Austin then flew to Manila where the stakes were highest. For over a year and a half, President Rodrigo Duterte’s threat to abrogate the U.S.-Philippines Visiting Forces Agreement (VFA) had cast a pall over the United States’ oldest Asian alliance. That pact facilitates the entry of U.S. military personnel and platforms into the Philippines for counterterrorism cooperation, disaster relief operations, and hundreds of training engagements each year. It also makes possible the Enhanced Defense Cooperation Agreement (EDCA), a 2014 deal under which U.S. forces are to gain access and fund upgrades to Philippine military bases for, among other things, a strengthened deterrent against Chinese aggression. Ending the VFA would effectively kill EDCA and neuter the U.S.-Philippines Mutual Defense Treaty.
Upon landing in Manila, Austin headed to the presidential palace for a courtesy call with the president. That meeting ran a surprising 75 minutes, and the Philippine government’s readout suggested it went well, with both sides reaffirming the importance of the alliance. During a joint press conference the next morning, Secretary of National Defense Delfin Lorenzana announced that the president had decided to end the abrogation process. He noted that an “addendum” had been negotiated to address outstanding concerns, the contents of which are still unclear. This, clearly, was the most important outcome of Austin’s week in Southeast Asia.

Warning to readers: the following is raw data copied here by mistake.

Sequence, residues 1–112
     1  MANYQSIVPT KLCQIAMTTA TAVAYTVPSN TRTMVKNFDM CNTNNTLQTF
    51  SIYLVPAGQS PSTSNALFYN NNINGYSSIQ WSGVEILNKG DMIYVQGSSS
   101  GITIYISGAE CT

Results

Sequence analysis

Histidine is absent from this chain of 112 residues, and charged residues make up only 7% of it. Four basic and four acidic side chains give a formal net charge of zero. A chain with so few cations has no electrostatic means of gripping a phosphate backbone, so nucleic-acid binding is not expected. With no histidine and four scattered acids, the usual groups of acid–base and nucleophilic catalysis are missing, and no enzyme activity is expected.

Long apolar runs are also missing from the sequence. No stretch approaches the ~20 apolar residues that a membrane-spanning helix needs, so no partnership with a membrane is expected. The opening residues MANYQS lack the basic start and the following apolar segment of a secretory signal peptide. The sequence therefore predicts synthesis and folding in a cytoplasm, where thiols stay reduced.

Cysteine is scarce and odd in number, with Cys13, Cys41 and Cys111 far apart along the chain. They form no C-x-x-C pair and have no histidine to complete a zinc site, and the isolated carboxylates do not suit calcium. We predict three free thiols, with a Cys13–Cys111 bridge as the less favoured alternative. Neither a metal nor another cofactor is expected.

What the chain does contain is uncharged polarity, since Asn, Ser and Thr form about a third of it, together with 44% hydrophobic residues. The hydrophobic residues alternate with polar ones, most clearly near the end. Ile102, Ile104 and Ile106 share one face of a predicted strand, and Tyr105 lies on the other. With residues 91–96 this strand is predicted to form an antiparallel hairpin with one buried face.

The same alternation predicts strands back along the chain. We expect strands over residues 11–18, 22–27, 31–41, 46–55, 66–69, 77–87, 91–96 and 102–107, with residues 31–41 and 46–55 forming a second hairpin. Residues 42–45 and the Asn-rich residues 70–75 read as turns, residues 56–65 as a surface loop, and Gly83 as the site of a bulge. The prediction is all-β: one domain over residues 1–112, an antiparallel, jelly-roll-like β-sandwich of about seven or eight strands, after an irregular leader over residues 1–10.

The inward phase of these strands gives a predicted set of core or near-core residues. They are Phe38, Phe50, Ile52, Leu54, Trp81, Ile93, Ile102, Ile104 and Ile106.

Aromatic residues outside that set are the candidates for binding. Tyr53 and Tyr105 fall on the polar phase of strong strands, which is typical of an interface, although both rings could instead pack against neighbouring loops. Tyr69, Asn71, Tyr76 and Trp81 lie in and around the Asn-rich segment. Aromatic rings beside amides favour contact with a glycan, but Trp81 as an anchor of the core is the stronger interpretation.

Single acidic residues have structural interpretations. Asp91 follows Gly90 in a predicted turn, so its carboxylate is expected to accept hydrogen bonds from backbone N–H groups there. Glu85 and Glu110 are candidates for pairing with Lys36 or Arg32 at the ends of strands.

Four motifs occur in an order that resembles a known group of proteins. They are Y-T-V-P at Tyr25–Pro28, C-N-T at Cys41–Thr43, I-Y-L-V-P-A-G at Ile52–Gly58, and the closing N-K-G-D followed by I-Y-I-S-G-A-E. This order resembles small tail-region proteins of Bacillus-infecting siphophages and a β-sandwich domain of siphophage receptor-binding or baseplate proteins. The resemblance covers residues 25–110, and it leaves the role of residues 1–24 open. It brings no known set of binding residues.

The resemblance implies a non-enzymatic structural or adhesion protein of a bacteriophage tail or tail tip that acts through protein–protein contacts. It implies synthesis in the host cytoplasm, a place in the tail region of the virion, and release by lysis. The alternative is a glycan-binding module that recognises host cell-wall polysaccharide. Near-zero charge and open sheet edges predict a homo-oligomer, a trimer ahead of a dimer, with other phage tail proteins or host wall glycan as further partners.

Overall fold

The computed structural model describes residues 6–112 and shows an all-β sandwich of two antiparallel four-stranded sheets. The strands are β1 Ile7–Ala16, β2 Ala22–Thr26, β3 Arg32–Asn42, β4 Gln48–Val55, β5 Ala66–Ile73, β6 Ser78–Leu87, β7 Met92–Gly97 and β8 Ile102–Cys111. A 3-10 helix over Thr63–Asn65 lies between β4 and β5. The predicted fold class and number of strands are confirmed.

To wrap up his trip, Austin met with Secretary of Foreign Affairs Teodoro Locsin and then paid his respects at the American Cemetery in Manila. This visit to the final resting place of over 17,000 U.S. and allied service members, including more than 500 Philippine Scouts, was a poignant symbol of the historical bond between the two countries. And with the VFA safe, they can get back to the urgent task of strengthening the alliance to confront shared threats, most especially in the South China Sea.
Gregory B. Poling is a senior fellow for Southeast Asia and director of the Asia Maritime Transparency Initiative at the Center for Strategic and International Studies in Washington, D.C.